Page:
Abortion, gender identity and sexual orientation were excluded from the final text of the G7 summit in Italy

Abortion, gender identity and sexual orientation were excluded from the final text of the G7 summit in Italy

Italian Prime Minister Giorgia Meloni (47 years old) had a wonderful week. On Sunday evening, her far-right Fratelli d’Italia party won 28.8 percent in the European elections, remaining the largest party in the country. On Thursday, the prestigious G7 summit kicked off in Puglia, southern Italy, with its host, Meloni, in front of the eyes of the world.

The three-day summit in Borgo Egnazia, which concluded on Saturday, is the highlight of Italy’s year-long G7 presidency. The Italians organized the meeting in the middle of summer in a beautiful Italian seaside resort. The dinner was held in a medieval castle in Brindisi, a stunning seaside town.

On Monday night, following her landslide election victory, Meloni had already made clear why she was eyeing this international appointment in Puglia. “I am proud that this nation will soon be represented in Europe and in the G7 by the strongest government ever,” the Prime Minister said. She first appeared in shirt sleeves, carefully wrapped in a sheath dress Casual look.

The Italian Prime Minister shows self-confidence. And for good reason: of all the G7 leaders, she is the most powerful politically. Conservative British Prime Minister Rishi Sunak, who received a very warm welcome from Meloni, appears to be on his way out of the United Kingdom, which will hold elections in early July. US President Joe Biden is fighting a difficult presidential campaign. The leaders of the largest and second-largest economies in the euro zone, German Chancellor Olaf Scholz and French President Emmanuel Macron, suffered painful electoral defeats on Sunday.

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Controversy over abortion

Meloni’s victory tasted even sweeter, especially because of Macron’s blow. Shortly after her appointment as prime minister, the French president hosted a dinner for Ukrainian President Volodymyr Zelensky in Paris. Then he called Schulz, but he passed Meloni. That things were still askew between the two seemed clear at the G7 summit, where Meloni welcomed the French president with a smile that looked more like a grimace. And it didn’t stop at cold body language: it also included arguments about abortion.

Under Macron, France enshrined the right to terminate a pregnancy in the constitution earlier this year. But with Fratelli d’Italia at the helm, the anti-abortion movement is gaining influence in Italy. This gives anti-abortion activists access to counseling centers for women who want to terminate their pregnancies.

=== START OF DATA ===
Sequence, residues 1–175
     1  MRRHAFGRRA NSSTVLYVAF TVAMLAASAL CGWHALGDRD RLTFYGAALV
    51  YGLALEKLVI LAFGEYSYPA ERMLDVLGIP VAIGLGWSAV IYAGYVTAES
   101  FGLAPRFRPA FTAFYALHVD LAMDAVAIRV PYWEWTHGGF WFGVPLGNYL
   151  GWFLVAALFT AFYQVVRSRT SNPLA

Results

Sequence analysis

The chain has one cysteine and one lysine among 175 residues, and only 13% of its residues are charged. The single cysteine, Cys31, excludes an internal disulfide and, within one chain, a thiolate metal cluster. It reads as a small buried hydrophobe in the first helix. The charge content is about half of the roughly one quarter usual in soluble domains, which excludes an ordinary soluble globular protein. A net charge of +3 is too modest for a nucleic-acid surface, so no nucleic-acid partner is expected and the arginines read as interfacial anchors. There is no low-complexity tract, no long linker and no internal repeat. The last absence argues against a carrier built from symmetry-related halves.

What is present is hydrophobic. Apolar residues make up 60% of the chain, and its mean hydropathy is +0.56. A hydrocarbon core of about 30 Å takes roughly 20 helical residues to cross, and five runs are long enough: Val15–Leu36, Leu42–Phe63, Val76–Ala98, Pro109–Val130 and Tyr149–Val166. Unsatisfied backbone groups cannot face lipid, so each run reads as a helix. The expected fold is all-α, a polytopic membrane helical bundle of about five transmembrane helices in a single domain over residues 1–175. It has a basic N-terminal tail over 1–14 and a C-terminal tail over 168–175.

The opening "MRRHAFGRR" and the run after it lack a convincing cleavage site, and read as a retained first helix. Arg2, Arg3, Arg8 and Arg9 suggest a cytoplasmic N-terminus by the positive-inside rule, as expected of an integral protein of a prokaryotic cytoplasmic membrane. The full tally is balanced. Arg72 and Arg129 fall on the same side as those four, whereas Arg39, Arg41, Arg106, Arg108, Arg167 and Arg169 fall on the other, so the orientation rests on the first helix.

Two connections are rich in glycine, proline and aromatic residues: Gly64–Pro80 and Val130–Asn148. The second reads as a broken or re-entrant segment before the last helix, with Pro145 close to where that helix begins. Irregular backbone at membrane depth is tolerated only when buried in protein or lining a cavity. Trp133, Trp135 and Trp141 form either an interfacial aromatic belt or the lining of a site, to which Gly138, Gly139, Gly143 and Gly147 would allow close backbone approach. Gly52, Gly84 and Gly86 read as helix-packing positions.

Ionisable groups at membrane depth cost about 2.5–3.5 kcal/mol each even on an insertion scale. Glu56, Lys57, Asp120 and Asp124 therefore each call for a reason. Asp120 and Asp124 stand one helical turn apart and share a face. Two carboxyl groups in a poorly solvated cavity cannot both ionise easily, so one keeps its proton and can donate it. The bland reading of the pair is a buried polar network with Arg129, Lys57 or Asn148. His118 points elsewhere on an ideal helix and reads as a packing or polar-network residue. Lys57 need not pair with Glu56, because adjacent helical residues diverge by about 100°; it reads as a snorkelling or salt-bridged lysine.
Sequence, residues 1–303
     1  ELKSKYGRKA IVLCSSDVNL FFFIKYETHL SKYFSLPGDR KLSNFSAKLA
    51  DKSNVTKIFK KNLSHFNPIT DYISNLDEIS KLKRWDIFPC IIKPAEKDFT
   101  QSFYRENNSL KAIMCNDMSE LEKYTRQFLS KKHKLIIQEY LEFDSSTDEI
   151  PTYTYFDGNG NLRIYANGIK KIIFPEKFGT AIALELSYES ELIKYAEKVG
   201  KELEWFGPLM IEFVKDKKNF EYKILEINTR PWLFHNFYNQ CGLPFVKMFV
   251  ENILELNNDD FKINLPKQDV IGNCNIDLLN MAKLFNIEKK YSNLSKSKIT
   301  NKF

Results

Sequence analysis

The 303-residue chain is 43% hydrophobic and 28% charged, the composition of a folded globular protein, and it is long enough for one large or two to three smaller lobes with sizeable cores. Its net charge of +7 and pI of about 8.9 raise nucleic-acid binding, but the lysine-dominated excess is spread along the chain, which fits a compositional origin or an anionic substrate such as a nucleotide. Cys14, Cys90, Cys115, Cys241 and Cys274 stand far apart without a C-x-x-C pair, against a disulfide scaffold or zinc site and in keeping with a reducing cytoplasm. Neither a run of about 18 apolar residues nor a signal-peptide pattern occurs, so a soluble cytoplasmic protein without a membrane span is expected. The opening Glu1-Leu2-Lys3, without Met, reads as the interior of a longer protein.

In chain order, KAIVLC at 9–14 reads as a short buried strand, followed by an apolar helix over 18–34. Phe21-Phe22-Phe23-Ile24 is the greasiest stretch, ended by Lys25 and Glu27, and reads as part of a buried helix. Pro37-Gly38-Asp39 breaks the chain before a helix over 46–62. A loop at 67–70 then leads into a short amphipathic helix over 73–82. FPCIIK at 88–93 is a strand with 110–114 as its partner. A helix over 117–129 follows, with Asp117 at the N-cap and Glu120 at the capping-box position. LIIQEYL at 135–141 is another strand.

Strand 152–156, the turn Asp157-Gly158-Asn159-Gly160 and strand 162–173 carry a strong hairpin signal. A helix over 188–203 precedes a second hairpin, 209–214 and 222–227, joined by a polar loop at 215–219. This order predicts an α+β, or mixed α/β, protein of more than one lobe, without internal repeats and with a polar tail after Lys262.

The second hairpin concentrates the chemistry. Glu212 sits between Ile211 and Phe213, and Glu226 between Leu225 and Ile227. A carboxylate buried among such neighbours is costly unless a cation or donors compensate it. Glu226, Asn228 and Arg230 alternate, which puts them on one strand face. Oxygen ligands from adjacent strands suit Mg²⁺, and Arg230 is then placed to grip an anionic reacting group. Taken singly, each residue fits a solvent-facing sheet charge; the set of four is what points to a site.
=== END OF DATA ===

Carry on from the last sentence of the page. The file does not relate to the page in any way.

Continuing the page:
Meloni also succeeded in weakening the final outcome of the G7 summit. Access to safe abortion has been in the spotlight this past year Final text The G7 summit is in Hiroshima, but it will be held this year Closing word Forbidden. The wording “protection of gender identity and sexual orientation” has also been dropped.

Macron told the press that he regretted the disappearance of the reference to abortion, but that he submitted to “the choice of the Italian people.” In response to a question about Meloni’s greater political influence since Sunday, he said that “the balance of power in Europe has not changed much.”

European nominations round

However, Giorgia Meloni has seen her influence in the European Council of Heads of Government growing, and she seems determined to assert this during the new round of appointments to top European positions. In Puglia, not only Macron but also European Commission President Ursula von der Leyen received a wonderful reception from Meloni. Surprisingly, they both gave the impression that they have grown together strongly over the past year and a half. They both support strict European immigration policy.

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Von der Leyen wants to remain party leader, and given the CDU’s victory, her chances are good. But according to Italian media, Meloni is not looking for a quick reset. Presumably, the Italian first wants to secure a large commission job for an Italian. The first indication of how the Italians position themselves may appear on Monday, during an informal European Union meeting in Brussels.



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